Local charity partners with Calgary school for children’s book project
Thursday, Apr 10, 2014 11:33 am
Organizers of the Airdrie charity Stephen’s Backpacks Society have been taking their message of making homelessness a thing of the past to Calgary and area schools for seven years.
With her yet-to-be released children’s book, On Eagles’ Wings: Stephen Slays the Dragon, Executive Director Nancy McPhee hopes to spread that message even further.
“We are doing something totally unique with this book,” she said. “We are getting the children of Royal Oak School in Calgary to illustrate the book for us. We wanted every child to be able to have the opportunity to share their dreams on our pages.”
The book tells the story of McPhee’s son Stephen, who meets an eagle that helps him free the homeless children in a forest. Stephen challenges at the end of the story for all the children who read his book to look for their passion to make the world a better place.
Stephen asked his parents to help him stop homelessness by creating Stephen’s Backpacks Society in 2006, when he was six years old. Last year, the charity collected 3,000 backpacks full of toys, winter clothing and other resources, and $8,000 worth of school shoes for children in need. Since its inception, the organization has also helped 25 families with Project Hope, in association with local shelters, to help families transition from the shelter to a home.
The group of 30 students in grades 1 to 4 will be chosen by teachers to create the book’s characters out of clay, donated by Kensington Art Supply.
“Nancy has spoken at our school a number of times and the kids just love taking part in the backpacks program so when we started talking about doing the illustrations for the book, I knew this would be something they would love to be a part of,” said Jessica Percival, Grade 1 literary support at Royal Oak School.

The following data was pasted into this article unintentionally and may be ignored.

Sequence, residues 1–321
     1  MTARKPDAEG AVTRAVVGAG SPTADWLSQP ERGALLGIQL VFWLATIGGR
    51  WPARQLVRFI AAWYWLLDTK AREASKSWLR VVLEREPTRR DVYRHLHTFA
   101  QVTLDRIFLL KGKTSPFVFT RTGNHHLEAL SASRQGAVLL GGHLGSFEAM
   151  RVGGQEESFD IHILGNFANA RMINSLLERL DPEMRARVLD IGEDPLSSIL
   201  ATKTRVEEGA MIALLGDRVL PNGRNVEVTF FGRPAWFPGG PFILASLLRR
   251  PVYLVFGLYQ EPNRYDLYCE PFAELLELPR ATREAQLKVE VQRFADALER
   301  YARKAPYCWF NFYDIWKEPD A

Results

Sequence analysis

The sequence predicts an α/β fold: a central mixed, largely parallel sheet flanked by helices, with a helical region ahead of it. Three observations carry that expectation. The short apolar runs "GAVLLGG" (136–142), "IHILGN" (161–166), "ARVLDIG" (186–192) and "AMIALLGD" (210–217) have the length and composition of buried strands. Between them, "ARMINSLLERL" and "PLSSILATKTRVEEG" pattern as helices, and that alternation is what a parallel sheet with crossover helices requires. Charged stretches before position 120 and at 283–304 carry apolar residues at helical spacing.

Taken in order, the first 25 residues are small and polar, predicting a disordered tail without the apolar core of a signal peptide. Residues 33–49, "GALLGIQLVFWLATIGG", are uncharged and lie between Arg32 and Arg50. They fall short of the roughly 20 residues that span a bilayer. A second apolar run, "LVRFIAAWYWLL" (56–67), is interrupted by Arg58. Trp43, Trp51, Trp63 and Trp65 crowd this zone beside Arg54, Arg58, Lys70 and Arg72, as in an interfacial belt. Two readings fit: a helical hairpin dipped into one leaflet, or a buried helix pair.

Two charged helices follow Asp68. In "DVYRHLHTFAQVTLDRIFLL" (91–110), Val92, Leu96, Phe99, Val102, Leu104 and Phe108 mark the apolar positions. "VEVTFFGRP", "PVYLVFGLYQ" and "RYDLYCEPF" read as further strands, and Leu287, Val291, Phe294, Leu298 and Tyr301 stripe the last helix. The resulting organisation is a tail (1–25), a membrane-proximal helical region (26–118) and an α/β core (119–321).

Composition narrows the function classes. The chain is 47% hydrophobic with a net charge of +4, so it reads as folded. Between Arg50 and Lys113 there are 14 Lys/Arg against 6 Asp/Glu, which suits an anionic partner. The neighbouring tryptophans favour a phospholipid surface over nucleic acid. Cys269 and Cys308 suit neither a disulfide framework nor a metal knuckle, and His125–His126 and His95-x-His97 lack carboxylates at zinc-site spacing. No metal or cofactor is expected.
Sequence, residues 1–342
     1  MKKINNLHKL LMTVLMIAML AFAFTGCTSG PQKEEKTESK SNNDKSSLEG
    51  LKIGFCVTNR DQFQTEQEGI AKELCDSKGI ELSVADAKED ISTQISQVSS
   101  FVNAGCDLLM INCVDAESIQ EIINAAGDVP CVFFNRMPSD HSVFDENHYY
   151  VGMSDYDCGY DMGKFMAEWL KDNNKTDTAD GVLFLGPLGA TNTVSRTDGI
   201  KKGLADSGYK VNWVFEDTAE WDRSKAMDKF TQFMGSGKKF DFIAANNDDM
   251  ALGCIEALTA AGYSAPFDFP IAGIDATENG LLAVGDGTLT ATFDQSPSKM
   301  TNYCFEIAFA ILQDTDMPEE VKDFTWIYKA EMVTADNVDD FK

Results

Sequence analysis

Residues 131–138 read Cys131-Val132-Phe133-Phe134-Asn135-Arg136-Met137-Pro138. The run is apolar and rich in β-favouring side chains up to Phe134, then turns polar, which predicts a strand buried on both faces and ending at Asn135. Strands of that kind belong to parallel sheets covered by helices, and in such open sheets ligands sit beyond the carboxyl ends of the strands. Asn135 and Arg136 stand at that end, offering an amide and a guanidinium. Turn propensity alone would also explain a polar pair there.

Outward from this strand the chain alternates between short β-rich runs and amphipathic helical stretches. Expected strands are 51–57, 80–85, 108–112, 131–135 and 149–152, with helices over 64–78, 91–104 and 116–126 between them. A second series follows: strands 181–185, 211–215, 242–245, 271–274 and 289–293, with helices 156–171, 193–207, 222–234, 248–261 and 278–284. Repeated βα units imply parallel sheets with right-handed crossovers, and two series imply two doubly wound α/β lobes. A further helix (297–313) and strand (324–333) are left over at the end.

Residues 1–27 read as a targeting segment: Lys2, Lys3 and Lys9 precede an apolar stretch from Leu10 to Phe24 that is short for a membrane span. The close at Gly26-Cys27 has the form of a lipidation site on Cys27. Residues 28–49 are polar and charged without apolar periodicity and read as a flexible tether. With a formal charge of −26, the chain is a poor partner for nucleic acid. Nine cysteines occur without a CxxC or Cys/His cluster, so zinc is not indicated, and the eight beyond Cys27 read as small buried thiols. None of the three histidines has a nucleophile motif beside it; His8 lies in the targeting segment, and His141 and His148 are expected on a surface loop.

“The story really teaches belonging and generosity, which are two things we want to instill in the children.”
McPhee said she wrote the book as a way to share the message of Stephen’s backpacks: “Delivering hope, Changing hearts” to a younger group of children.
“It really has evolved into a vehicle of becoming a voice for children with a dream,” she said.
Percival said she is excited for the students to become a part of something they can look back on and be proud of.
“They will see their work right there in front of them and it will be rewarding to give back to a charity they have been a part of for so long but in a different way,” she said.
McPhee said she hopes the book will be completed by the beginning of July so she can promote it during the Airdrie Canada Day Parade, which Stephen’s Backpack Society volunteers have taken part in for years.
McPhee is also working on an update to her first book Dream Out Loud, a first-hand account chronicling Stephen’s journey with autism that was published in 2008. All net proceeds from the book went towards helping two families off of the street by setting them up with new furniture, dishes, bedding, bathroom and a totally equipped kitchen, clothes, presents and even a Christmas tree.
For more information, visit www.stephensbackpacks.com